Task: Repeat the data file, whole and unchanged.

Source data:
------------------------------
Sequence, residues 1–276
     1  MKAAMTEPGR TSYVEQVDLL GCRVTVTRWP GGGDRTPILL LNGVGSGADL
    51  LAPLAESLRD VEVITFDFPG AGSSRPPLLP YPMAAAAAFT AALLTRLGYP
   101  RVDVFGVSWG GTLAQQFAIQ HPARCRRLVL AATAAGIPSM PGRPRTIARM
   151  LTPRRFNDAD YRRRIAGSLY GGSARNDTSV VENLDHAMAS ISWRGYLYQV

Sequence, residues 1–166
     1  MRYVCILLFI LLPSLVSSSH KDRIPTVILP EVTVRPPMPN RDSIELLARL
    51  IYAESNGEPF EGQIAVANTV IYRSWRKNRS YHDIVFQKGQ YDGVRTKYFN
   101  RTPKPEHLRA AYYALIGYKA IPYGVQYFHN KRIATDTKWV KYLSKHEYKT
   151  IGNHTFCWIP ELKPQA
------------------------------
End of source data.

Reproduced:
Sequence, residues 1–276
     1  MKAAMTEPGR TSYVEQVDLL GCRVTVTRWP GGGDRTPILL LNGVGSGADL
    51  LAPLAESLRD VEVITFDFPG AGSSRPPLLP YPMAAAAAFT AALLTRLGYP
   101  RVDVFGVSWG GTLAQQFAIQ HPARCRRLVL AATAAGIPSM PGRPRTIARM
   151  LTPRRFNDAD YRRRIAGSLY GGSARNDTSV VENLDHAMAS ISWRGYLYQV

Sequence, residues 1–166
     1  MRYVCILLFI LLPSLVSSSH KDRIPTVILP EVTVRPPMPN RDSIELLARL
    51  IYAESNGEPF EGQIAVANTV IYRSWRKNRS YHDIVFQKGQ YDGVRTKYFN
   101  RTPKPEHLRA AYYALIGYKA IPYGVQYFHN KRIATDTKWV KYLSKHEYKT
   151  IGNHTFCWIP ELKPQA